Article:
As an individual progresses through an Alzheimer’s/dementia journey, many changes in that person’s ability to communicate will occur. For example, the affected person will most likely experience difficulty finding words to accurately express ideas or needs, familiar words or nonsense words may be substituted for forgotten words, or speech may cease all together. The individual will also most likely experience challenges with understanding words that are being spoken to him/her, especially as the disease progresses. To assist you, the family member, with being able to maintain communication with your loved one, we suggest the following strategies:
- Slow down when speaking and allow your loved one extra time to express his/her thoughts.
- If your loved one gets “stuck” gently offer the word you think is being sought.
- If a nonsense word is used, do not draw attention to the incorrect word. Instead, try and figure out what your loved one was trying to say and respond accordingly.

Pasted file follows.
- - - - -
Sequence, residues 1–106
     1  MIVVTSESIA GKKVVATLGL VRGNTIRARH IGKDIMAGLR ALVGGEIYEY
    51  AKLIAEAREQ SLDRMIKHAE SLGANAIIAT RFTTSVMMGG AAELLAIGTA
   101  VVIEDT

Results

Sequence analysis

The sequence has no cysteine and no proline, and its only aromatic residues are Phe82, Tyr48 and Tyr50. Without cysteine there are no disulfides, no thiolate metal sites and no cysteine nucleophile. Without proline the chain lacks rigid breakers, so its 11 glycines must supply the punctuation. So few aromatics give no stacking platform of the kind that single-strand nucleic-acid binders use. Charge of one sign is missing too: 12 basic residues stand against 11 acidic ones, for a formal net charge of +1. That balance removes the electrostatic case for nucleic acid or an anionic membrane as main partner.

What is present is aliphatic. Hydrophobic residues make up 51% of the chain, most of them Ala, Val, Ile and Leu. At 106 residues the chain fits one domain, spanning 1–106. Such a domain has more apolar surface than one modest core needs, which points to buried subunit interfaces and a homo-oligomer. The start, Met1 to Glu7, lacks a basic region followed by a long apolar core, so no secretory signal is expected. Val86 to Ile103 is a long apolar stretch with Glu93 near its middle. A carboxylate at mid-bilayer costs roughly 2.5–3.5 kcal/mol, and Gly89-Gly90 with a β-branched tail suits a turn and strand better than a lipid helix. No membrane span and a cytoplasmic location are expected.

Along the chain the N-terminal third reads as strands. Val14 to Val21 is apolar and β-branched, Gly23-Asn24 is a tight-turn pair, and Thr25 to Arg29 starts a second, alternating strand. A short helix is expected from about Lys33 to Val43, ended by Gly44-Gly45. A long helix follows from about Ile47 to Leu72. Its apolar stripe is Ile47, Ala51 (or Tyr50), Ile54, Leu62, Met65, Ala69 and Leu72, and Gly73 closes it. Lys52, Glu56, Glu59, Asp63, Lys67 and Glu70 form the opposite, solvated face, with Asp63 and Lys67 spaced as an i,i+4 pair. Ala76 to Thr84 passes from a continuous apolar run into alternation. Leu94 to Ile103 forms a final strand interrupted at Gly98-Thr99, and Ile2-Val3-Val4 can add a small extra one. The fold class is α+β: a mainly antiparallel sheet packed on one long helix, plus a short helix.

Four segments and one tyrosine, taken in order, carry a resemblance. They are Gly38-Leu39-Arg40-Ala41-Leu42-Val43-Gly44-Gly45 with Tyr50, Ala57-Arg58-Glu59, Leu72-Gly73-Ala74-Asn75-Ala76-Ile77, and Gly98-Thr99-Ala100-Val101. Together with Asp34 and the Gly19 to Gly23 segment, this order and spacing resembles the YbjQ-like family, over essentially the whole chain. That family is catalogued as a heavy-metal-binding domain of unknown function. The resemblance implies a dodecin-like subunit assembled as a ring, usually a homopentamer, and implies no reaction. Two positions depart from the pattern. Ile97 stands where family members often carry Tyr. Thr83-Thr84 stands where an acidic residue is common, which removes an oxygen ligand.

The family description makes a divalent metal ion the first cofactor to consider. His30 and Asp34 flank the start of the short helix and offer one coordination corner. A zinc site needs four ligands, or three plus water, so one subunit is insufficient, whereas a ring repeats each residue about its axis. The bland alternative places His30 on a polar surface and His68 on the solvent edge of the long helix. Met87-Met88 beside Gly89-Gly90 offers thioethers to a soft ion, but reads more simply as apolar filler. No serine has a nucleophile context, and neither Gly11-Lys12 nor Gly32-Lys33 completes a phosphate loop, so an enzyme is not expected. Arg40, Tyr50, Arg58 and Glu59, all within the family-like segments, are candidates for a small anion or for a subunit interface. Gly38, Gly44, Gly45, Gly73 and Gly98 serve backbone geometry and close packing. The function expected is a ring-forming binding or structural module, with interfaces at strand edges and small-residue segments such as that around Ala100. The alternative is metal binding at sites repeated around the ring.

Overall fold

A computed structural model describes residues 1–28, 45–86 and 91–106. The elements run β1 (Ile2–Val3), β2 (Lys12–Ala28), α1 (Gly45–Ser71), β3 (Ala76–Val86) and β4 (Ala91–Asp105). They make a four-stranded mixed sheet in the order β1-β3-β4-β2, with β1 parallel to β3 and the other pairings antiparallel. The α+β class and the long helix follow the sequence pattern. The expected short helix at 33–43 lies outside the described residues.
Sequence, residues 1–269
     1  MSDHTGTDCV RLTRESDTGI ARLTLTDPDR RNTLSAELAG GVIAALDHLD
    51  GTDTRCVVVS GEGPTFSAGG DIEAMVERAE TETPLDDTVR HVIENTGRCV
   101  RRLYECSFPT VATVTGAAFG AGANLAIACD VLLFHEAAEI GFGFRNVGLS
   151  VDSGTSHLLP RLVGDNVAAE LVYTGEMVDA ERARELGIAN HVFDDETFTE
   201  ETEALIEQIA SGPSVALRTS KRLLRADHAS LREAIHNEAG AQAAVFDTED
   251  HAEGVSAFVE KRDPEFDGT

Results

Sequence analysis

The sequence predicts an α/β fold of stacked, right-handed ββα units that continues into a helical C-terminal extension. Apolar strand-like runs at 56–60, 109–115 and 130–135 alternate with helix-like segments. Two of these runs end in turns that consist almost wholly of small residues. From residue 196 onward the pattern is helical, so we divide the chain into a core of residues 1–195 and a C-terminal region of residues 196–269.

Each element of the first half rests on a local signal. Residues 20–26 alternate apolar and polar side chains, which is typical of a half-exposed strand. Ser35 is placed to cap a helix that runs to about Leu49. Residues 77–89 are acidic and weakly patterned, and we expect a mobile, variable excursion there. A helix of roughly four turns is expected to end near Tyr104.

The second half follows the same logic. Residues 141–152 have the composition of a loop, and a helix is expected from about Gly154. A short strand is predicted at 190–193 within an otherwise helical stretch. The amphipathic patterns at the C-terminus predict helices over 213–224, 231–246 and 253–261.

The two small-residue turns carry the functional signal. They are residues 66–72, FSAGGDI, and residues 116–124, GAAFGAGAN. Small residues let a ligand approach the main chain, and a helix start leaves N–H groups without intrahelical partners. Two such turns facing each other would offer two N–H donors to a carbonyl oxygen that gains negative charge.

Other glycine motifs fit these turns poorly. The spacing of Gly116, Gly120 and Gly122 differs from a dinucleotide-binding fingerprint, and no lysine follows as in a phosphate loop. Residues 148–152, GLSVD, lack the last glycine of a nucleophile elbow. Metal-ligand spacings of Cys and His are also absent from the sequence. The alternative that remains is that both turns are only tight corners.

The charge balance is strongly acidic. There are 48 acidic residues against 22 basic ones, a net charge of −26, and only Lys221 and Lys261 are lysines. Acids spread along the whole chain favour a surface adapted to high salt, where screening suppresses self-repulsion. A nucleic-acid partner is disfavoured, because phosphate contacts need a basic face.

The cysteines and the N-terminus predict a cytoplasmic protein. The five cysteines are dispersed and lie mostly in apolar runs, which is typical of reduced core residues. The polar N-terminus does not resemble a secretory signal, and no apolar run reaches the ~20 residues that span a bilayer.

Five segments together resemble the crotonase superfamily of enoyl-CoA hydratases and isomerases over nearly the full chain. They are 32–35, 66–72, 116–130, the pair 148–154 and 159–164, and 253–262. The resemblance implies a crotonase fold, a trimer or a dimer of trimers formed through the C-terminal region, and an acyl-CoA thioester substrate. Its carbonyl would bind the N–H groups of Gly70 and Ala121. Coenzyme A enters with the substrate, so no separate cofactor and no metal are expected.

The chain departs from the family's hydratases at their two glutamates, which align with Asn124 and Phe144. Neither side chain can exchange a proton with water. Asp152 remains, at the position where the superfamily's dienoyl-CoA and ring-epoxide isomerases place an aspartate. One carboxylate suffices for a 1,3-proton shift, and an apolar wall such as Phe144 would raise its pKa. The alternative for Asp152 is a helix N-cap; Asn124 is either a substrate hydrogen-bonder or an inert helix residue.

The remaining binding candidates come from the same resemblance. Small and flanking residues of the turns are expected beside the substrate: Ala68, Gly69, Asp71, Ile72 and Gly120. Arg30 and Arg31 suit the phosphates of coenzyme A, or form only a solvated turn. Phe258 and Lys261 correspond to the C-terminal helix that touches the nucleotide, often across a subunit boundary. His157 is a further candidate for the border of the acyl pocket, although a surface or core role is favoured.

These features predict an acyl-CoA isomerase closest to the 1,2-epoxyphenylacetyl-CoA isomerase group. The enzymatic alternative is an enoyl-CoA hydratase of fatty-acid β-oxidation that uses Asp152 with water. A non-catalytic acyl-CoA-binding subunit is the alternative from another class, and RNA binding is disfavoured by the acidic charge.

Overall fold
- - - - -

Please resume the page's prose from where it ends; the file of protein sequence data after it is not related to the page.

- Your loved one may become frustrated when words are not easily found. Remain calm and supportive in helping him/her to express thoughts.
- If your loved one swears at you, remember, the word that was used was probably the one that was most accessible at that moment. Try to assist your loved one in dealing with what prompted the negative emotion.
- Point, gesture and demonstrate ideas to your loved one. Often, these nonverbal expressions will fill in the blanks left when words begin to fail.
- Try not to rely on reasoning or logic when communicating with your loved one. Often, this type of thinking will be too complex for someone with dementia.
- Be careful not to correct them, it will only make them feel worse about the situation.
- Reminisce on a happy memory, create a diversion, or ask for assistance from your loved one. You could even join your loved one’s perception of reality and respond accordingly. It will be less stressful and much happier for both of you in the end.